Frogger Repair Logs
Symptom: Too many frogs on screen.
I have acquired this board from a seller who wasn't saying absolutely anything about it. Sure it must have been broken somehow, yet the price was very nice; expecially considering that it's definitely an original, manufactured by Sega under license from Konami. The board required me to wire up an adapter, which I did quickly enough. While doing so, I noticed an empty socket in the bank of EPROMs for the CPU code and a torn off 8 pin IC at position U1 on the sound board. I was already fearing the worse, therefore I went looking for schematics before even turning on the board. The schematics show U1 is actually an µA741 op-amp which preamplifies the audio before feeding it through the volume pot to the power amplifier. Though, even with U1 missing (which requires -5V to be present) the 5.1k feedback resistor should allow the sound through. About the EPROM bank for the CPU code, MAME came to the rescue by highlighting the need for only three chips instead of four. Therefore the empty socket is actually meant to be empty, and maybe the torn off U1 is a factory patch. Very reliving. Anyway, once finished wiring up power, ground, video and speaker I finally powered up the board and got greeted by a swarm of frogs trying to march their way to take on the world!
As you can see from the picture, the sprite of the frog trying to cross the street was repeated over and over again on the entire column (remember that the screen is vertical). Cars, crocodiles, logs and all the rest however looked fine. The reason why they looked fine is very simple: all those are not sprites! As MAME shows when pressing F4 and navigating to the layer display, most of the elements on screen are actually part of the background. The Galaxian hardware on which this game has been based most likely has the ability to vertically scroll each background column independently, which is a very interesting feature for the time. The only sprite used on screen is actually our frog hero.
To solve this riddle I needed a deep understanding of how the sprite rendering logic works. Thankfully this is very carefully explained in the comments of MAME's video driver for Galaxian. As it can be seen on the schematic, the sprite RAM is 256 bytes only, and is read each and every line in order to render a line worth of sprite data. Through a lookup in ROM the data is then fed directly into the line buffer (256 pixels, 6 bits per pixel), where some logic mixes it with and prioritises it against the background data. The line buffer is then rendered on screen and erased at the same time, ready for the next raster line. A quite convoluted mechanism that runs at about 6MHz and wouldn't have been easy to uderstand if it wasn't for MAME's documentation.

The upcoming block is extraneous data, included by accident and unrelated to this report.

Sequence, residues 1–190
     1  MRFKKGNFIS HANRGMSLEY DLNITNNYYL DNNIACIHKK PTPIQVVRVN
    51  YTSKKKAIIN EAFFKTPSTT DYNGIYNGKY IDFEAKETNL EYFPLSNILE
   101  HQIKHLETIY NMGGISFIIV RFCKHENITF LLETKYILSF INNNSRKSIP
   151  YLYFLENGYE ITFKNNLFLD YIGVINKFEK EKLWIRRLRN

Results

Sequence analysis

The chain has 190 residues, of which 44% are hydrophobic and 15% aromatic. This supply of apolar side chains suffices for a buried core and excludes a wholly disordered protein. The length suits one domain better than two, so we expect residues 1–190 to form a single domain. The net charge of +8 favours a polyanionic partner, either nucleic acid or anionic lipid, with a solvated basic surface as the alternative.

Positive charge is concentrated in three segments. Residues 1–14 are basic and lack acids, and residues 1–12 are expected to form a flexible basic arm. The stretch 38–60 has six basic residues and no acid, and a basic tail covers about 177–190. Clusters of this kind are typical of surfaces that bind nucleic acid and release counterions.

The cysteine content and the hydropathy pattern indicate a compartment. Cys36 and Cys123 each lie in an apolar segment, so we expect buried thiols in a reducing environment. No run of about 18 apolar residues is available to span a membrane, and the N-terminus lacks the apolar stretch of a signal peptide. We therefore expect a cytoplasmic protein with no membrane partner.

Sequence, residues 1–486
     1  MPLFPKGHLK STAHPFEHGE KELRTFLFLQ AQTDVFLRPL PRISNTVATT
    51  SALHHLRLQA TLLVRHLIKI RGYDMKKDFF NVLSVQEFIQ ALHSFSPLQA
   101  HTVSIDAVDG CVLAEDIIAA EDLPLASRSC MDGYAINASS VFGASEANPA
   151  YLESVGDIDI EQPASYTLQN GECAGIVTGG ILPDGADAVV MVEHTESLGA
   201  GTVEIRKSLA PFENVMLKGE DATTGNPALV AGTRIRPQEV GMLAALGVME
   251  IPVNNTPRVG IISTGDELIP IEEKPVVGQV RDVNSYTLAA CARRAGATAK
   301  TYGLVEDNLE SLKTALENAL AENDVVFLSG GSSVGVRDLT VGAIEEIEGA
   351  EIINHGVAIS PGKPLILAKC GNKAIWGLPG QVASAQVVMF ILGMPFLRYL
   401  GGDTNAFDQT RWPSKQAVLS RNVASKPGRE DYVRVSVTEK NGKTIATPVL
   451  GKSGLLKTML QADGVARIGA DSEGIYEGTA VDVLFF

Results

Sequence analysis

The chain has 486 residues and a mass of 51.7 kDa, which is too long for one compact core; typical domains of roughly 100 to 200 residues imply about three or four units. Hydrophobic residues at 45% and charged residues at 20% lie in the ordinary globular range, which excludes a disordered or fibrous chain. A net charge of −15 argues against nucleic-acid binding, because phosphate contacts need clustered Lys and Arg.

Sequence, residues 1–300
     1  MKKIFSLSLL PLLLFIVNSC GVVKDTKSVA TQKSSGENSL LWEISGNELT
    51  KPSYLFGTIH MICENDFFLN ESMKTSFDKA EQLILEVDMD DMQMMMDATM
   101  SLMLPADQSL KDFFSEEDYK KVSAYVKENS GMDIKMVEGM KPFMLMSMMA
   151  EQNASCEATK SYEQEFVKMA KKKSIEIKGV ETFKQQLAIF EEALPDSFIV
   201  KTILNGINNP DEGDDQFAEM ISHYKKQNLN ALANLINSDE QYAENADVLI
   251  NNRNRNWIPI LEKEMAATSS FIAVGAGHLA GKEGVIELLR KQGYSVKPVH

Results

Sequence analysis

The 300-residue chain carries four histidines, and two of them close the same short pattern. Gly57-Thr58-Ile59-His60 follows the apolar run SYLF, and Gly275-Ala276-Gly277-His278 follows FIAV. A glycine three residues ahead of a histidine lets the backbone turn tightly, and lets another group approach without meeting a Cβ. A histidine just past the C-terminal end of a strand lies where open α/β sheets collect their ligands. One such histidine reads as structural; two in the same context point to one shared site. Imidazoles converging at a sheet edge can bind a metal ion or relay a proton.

The entire logic is highly optimized to save costs, to the point that the comparison of the vertical sprite coordinates against the raster counter isn't easy to spot. The scope showed, as expected, sprite data being drawn every line endlessly. Tracing that back brought to IC78, a quad input NAND gate 74LS20. Its output was correct but extremely low in amplitude, which caused IC97 (74LS157) to never register a high logic level on pin 5.
The attentive ones among you surely noticed that the part is marked IC73 instead of IC78. That's a mistake on the schematic, and it unfortunately isn't the only one I've found...
Replacing the 74LS20 with a new one has elegantly solved the issue. And now that the graphics were fine, completing the adapter allowed me to finally play the game. Luckily the sound was absolutely fine, which proves that U1 has been intentionally removed by the factory. Great, because this means I won't be needing -5V for this board. :) All inputs are also fine, as proved by playing a game in cocktail mode. That seems to be all, then. It has been a quite interesting evening; now let's save some frogs! :P